The artistic director of the Royal Shakespeare Company wants to put on a western after announcing he is to stand down after ten years in the role.

Michael Boyd admitted that staging a western was one of his next great ambitions.

The 56-year-old joined the RSC in 1996 as an associate director, and was appointed to his current role in 2002.

In a hectic period, he oversaw the £112 million renovation project of the Stratford-upon-Avon theatres, and the RSC’s 50th birthday.

He will step down, along with Vikki Heywood, the RSC’s executive director, and chairman Sir Christopher Bland, at the end of next year.

But Boyd is already considering future projects. And that includes his western.

“I hope after I leave the RSC that I can plan in a period of not doing very much,” he said. “But there are two fairly big projects that I am committed to that excite me very much.

“One is an opera, and another is a crazy idea to do a stage western. I’m working on the embryonic beginnings of them, and I’m being slow to accept anything more at the moment. Just to protect a period of idleness.”

Expanding on the western concept, he added: “I don’t think it’s going to be a big West Endy Seven Brides And Seven Brothers kind of thing.

“I don’t know where we’ll put it on. We’ll probably decide on that after about a year of work.”

Boyd admitted the last decade with the RSC had been a hectic period, and added that if he had not left, he feared it would have taken its toll on his health.

“I’ve always said it would take ten years to do something significant towards the life and the spirit of the company, though more than ten years would potentially not be so good for the life and the spirit of the artistic director,” he said.

“It just feels about right to leave now. When I founded the Tron Theatre in Glasgow, I stayed for 11 years. But that was a smaller company, and easier to run.”

He added: “It’s been busy. The RSC is a large and very complex performing arts organisation. It certainly keeps you off the streets.

“The thing that drew me to the RSC was its founding principles of an artistic community in the heart of Warwickshire, which is pretty cut off by appalling public transport.

“And to try to work out how we should live together in a large community of different disciplines, from accountants to boot-makers. How to make the best sense of that.”

Boyd said he had faced difficulties that were unforeseen by him when he took on the role.

“The idea that I could devolve responsibility and delegate so effectively that the job would become much easier, was a total fantasy,” he admitted.

“You can give your colleagues great respect, and let them run their life, and the lives of those around them, and hand freedom to people within the organisation. But different people, of course, will disagree with each other.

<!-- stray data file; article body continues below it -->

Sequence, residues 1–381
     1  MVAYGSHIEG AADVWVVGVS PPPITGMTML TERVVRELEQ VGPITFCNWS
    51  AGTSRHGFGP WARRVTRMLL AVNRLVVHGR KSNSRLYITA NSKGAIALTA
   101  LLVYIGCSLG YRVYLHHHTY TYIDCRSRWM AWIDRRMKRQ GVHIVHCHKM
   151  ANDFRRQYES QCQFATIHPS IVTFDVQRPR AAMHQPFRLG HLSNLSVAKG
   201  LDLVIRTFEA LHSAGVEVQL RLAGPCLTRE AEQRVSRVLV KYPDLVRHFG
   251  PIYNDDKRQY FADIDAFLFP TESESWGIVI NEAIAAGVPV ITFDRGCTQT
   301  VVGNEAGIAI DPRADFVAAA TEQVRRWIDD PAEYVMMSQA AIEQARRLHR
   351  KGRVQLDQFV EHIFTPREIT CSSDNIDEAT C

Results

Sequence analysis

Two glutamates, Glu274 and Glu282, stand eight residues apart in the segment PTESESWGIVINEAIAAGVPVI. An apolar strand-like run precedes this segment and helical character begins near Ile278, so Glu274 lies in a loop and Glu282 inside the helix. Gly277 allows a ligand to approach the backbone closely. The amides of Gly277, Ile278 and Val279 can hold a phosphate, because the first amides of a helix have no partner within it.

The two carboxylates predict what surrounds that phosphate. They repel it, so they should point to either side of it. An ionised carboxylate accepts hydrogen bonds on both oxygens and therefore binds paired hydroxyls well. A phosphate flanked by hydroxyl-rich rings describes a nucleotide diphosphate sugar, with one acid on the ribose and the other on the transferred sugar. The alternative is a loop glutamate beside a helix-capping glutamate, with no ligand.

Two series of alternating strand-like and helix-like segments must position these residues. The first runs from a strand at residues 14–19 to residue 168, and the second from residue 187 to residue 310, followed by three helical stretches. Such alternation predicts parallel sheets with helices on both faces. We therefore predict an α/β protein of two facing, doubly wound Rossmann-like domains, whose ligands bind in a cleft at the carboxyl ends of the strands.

“So the chairman role of the artistic director will never go away.

“But we’ve come a very long way, and I think it’s a much happier place to work, now.”

Boyd said his choice to leave still hadn’t had an emotional impact on him.

“It’s slightly postponed,” he said. “Neither Vikki nor I, nor anyone else, is leaving until the end of next year. “There’s a lot of big, big decisions to make in that time, which will effect the future life of the company.

“I think it’s good for the RSC to have this long notice, and it’s also good for us, to gently get used to the idea of another sort of life.”

Boyd said he didn’t want to give much advice to his successor, as it was important for the individual to find his or her own way in the organisation.

However, he added: “You need to really dig into it and get to know it, then very swiftly decide what major radical changes you want to make.

“And then to make them, early. Because your mandate for change is at the beginning. That’s because change is expected at the beginning. Also, nobody can sack you, because it’s too early.

“The main thing is that people expect change at the start of a tenure, so they will accept it more.”

When he announced, last week, that he would be leaving, Boyd accepted that he didn’t achieve everything he would have wanted at the RSC.

Expanding on this, he said: “I would have liked to have carried on exploring the benefits of long-term ensemble.

“One thing I really missed, in my time, was the experimental studio theatre in Stratford. It meant we did not have our engine room to generate new work. It became much harder to do so, without it there.

“Saying that, I’m proud that we actually have given new work a bolder profile in my time.”